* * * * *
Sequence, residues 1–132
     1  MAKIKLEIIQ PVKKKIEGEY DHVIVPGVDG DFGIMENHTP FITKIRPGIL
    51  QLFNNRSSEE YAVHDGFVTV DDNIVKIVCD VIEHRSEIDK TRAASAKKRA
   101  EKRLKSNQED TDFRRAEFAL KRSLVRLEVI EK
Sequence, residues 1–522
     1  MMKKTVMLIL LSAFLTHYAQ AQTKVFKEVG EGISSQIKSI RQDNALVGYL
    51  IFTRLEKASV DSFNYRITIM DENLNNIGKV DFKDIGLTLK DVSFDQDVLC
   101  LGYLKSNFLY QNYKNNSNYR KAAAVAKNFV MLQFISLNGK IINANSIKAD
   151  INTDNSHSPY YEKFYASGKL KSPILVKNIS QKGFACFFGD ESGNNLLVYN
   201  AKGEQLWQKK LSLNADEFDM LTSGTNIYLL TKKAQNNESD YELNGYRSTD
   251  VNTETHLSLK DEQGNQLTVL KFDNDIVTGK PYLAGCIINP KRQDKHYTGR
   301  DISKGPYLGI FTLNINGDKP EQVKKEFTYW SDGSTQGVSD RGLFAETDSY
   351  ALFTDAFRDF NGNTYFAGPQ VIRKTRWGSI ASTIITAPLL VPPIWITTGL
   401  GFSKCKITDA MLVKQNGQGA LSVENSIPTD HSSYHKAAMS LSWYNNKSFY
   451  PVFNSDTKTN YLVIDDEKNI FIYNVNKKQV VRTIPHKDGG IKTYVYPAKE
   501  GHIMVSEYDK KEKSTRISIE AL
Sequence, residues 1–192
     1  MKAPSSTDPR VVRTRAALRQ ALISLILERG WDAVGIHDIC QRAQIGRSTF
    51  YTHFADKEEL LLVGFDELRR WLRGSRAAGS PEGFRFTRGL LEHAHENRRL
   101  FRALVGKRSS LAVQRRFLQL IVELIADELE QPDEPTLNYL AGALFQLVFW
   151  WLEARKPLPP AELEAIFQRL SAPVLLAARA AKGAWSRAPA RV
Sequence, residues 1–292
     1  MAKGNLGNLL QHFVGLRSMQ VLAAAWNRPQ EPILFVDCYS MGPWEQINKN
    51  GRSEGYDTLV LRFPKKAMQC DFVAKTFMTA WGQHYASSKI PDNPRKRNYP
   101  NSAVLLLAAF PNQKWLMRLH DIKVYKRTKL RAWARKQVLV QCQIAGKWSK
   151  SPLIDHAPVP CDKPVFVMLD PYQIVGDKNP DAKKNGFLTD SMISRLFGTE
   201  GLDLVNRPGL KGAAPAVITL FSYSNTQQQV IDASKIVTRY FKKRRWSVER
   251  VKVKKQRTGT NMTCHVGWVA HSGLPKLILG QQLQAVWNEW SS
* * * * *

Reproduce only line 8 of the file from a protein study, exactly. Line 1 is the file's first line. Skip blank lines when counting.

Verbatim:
   101  LGYLKSNFLY QNYKNNSNYR KAAAVAKNFV MLQFISLNGK IINANSIKAD